Neutrophil CD64 expression distinguishing acute inflammatory autoimmune disease from systemic infections

Antony C. Bakke, Everett Allen, M. Zoe Purtzer, Atul Deodhar

Research output: Contribution to journalReview article

11 Scopus citations

Abstract

Common bacterial and opportunistic infections are a major cause of mortality in patients who are immunosuppressed due to treatment with corticosteroids or cytotoxic drugs. Common laboratory tests for infection lack sensitivity and specificity. Therefore a new generation of tests to detect early systemic infections has been suggested. One of these tests measures the up-regulation of a Fc receptor (Fcγ R1, or CD 64) on neutrophils. The Fc receptors on white blood cells are very important for effective phagocytosis of bacteria and are up-regulated during an infection. The clinical utility of quantitative CD64 measurements to differentiate between systemic infection and active autoimmune inflammation was examined in an ongoing study. Patients with systemic infection (n = 26), patients with active autoimmune inflammatory disease (n = 45), patients with vasculitis (n = 4) and controls (n = 20) were studied for neutrophil CD64 expression using monoclonal antibodies and flow cytometry. Results from this study concluded that CD64 is up-regulated in systemic infections and some localized infections. Some cases of infection can demonstrate low to intermediate levels of CD64 due to species of bacteria, localized infection and/or length of antibiotic therapy. Ninety-two percent of uninfected patients bind <2000 CD64 antibodies on each neutrophil, while 92% of patients with systemic infections express >2000 CD64 antibodies. These results together with other published studies indicate that quantitative measurement of CD64 is very promising for detection of systemic infection.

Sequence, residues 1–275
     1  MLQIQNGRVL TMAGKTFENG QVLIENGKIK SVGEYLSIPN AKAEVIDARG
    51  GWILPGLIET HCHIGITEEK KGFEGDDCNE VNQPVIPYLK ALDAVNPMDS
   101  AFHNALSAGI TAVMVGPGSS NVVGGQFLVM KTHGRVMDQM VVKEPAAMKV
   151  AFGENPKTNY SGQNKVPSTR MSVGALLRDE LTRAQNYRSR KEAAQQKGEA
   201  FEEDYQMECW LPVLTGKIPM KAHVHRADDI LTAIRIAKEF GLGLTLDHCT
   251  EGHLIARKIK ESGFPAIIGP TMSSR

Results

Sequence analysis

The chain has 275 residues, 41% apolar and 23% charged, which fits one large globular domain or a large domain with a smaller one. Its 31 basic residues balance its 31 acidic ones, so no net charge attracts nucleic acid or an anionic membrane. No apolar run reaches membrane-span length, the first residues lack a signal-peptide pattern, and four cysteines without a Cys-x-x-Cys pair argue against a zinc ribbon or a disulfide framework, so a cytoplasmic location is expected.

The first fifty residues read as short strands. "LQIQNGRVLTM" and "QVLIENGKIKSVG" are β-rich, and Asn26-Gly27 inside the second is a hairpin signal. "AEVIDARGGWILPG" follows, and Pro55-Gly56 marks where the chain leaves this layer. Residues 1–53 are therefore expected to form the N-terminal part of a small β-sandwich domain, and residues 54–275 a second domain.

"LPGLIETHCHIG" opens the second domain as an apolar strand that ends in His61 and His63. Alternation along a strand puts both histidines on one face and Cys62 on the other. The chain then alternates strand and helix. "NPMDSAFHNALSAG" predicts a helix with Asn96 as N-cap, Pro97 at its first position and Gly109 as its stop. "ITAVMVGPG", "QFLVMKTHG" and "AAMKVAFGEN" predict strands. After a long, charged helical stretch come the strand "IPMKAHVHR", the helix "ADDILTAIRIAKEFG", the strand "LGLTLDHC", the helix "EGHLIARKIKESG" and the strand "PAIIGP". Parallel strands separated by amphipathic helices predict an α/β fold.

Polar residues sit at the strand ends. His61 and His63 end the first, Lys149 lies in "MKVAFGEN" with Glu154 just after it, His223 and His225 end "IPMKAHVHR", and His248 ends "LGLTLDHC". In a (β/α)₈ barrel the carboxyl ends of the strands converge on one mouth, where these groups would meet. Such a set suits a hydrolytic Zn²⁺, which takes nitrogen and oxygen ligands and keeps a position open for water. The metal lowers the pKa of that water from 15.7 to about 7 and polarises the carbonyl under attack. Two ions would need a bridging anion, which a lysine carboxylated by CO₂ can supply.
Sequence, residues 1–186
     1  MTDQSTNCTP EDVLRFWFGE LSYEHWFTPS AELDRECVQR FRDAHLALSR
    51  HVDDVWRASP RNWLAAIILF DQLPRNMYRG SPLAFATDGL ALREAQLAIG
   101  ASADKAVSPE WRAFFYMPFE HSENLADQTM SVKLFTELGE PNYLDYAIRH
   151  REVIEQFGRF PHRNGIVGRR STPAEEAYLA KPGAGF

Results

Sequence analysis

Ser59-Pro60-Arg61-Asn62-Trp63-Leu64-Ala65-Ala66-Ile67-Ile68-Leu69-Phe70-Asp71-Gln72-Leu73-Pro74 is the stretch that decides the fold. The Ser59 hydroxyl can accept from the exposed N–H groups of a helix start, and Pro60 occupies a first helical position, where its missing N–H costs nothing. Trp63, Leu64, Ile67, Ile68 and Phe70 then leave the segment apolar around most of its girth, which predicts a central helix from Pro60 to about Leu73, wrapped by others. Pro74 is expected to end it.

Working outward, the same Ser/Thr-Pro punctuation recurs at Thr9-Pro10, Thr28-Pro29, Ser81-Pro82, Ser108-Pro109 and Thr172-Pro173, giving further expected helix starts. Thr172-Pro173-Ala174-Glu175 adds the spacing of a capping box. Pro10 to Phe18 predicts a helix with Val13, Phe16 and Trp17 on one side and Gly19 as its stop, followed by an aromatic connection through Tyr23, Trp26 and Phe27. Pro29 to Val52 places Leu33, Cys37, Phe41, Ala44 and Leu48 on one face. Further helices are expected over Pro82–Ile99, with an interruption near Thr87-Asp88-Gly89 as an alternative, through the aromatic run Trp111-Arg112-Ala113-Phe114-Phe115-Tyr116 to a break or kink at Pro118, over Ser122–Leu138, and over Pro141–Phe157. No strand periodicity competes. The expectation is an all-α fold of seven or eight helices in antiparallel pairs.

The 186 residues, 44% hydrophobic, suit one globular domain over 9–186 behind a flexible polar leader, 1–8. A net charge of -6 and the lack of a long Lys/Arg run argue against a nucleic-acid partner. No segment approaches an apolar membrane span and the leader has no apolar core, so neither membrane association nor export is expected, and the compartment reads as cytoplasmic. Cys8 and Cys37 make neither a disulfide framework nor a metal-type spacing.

Original languageEnglish (US)
Pages (from-to)267-275
Number of pages9
JournalClinical and Applied Immunology Reviews
Volume1
Issue number5
DOIs
StatePublished - Dec 1 2001

    Fingerprint

Keywords

  • CD64
  • Fc receptor
  • Flow cytometry
  • Neutrophil

ASJC Scopus subject areas

  • Microbiology
  • Immunology and Allergy
  • Immunology
  • Infectious Diseases

Cite this